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Local girl inspires passage of ‘Bee Bill’ in Illinois

This week is National Pollinator Week and State Rep. Robyn Gabel (D-18th) joined State Sen. Laura Fine (D-9th); Mark Clifton, the executive director of the North Shore Mosquito Abatement District; volunteers from the Clark Street Beach Bird Sanctuary, and the 12-year old star of the afternoon event: Scarlett Harper, a rising eighth-grader at the Carleton Washburne School in Winnetka.

State Rep. Robyn Gabel (D-18th) reads a letter from Gov. JB Pritzker to Scarlett Harper of Winnetka regarding the passage of the “Bee Bill” that Scarlett was instrumental in creating. Credit: Photo by Wendi Kromash

The group gathered in Evanston recently to celebrate the passage of Illinois House Bill 3118, affectionately known as “The Bee Bill,” which amends the Environmental Protection Act. It restricts the use of “pyrethroid” pesticides and says that they can only be applied “ if an evidence-based model of application complying with specified requirements is used.”

The law also requires that the EPA make rules for licensing commercial applicators of such pesticides in residential areas. It also says the EPA can make any necessary rules to implement the new law.

Gabel and Fine sponsored the legislation and shepherded it through the two-year-long legislative process, but the inspiration came from Scarlett.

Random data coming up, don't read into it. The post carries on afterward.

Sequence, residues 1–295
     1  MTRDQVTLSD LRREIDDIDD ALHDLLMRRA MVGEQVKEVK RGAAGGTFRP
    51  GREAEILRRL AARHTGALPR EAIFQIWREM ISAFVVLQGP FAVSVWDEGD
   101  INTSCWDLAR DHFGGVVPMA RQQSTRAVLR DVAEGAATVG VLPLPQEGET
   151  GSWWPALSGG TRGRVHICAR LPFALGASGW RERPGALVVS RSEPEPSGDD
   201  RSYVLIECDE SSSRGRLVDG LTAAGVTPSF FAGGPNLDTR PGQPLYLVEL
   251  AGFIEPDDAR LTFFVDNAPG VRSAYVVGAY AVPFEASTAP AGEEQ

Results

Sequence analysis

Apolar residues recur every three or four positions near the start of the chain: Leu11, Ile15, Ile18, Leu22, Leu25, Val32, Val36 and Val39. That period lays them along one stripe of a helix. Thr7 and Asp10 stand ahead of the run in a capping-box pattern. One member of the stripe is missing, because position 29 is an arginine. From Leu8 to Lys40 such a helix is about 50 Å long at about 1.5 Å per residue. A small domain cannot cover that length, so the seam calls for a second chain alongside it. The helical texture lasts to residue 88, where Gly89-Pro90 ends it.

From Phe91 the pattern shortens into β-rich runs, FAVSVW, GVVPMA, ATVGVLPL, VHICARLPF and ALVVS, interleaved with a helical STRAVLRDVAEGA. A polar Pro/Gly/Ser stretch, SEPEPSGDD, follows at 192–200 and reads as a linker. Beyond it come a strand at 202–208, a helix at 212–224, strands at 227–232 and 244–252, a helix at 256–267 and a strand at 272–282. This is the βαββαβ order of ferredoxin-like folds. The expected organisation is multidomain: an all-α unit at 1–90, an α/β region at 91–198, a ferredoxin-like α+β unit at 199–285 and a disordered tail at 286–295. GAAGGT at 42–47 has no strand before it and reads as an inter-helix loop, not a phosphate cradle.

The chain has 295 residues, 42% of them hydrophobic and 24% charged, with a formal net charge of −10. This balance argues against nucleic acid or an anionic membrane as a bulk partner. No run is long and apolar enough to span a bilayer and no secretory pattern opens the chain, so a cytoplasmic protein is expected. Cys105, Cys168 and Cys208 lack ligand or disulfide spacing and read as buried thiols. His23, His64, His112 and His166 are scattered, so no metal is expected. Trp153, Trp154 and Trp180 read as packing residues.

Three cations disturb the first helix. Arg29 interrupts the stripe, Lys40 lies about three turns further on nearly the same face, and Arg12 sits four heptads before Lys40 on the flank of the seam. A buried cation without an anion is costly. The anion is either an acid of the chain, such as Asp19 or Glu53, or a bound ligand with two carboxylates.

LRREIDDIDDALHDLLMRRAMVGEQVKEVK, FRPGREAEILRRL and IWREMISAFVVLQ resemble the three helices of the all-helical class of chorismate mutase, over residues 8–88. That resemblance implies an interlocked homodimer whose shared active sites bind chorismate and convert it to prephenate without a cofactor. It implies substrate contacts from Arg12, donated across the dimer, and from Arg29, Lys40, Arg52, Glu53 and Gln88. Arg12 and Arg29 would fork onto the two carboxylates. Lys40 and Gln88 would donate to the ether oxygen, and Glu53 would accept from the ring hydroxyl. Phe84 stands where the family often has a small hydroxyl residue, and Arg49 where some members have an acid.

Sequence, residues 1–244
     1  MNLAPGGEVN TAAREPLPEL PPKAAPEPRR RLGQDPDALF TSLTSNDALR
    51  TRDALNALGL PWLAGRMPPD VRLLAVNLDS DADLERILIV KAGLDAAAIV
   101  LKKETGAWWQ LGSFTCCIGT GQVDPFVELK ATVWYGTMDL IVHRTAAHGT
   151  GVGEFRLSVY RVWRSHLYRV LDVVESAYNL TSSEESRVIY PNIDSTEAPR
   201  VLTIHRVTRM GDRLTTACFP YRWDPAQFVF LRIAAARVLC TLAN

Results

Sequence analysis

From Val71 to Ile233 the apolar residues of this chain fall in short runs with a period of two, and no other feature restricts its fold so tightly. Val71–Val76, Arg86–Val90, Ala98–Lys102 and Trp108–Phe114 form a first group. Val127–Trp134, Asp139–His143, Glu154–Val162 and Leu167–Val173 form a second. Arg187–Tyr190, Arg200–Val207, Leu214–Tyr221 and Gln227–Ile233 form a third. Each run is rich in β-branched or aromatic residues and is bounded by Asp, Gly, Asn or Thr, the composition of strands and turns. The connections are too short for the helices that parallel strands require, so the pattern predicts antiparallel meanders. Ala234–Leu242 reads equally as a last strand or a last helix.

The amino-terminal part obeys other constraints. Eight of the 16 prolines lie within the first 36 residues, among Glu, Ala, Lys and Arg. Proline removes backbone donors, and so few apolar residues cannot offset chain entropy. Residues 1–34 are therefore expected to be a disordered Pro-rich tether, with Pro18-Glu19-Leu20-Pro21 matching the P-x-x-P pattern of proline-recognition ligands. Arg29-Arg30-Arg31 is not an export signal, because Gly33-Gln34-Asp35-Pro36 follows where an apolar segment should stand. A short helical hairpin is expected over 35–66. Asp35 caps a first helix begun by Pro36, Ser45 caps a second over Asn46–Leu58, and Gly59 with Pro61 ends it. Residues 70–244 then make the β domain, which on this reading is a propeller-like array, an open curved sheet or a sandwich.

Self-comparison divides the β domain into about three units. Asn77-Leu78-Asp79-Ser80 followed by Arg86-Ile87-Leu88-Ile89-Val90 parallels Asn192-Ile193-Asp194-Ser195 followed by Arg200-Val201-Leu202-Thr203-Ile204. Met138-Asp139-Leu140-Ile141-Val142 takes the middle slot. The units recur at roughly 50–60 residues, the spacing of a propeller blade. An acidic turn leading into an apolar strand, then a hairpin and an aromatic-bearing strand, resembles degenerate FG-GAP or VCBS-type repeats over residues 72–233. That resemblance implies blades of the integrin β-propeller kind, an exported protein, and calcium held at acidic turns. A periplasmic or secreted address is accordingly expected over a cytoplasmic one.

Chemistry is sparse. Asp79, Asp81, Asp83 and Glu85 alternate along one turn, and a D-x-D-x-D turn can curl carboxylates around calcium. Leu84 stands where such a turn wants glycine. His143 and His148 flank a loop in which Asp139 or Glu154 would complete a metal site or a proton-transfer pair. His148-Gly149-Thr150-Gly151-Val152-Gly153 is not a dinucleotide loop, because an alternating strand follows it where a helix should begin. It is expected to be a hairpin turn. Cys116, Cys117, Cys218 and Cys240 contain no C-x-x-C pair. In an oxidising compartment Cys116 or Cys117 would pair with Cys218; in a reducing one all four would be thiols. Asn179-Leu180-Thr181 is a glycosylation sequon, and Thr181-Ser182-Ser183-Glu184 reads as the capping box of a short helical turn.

A couple of years ago, she said, she noticed that her family’s garden was no longer buzzing with bees. A nature lover and burgeoning environmentalist, she said she previously had been able to count “at least seven different species of bees,” but recently she hadn’t been able to count even seven bees in total.

Scarlett said she did some research and found a link between pesticides and bee population decline. Groups as diverse as the US Department of Agriculture, the National Wildlife Federation and the Journal of Economic Entomology all say that some pyrethroid pesticides are toxic to honeybees.

Scarlett said there is a ripple effect from each action, even if the effect is unintended.
“Bees pollinate crops, which also feed livestock,” Scarlett said. “One-third of our food supply is dependent on them.”

She also said that due to the treatments’ overuse, “mosquitoes are becoming resistant to the pesticides.”


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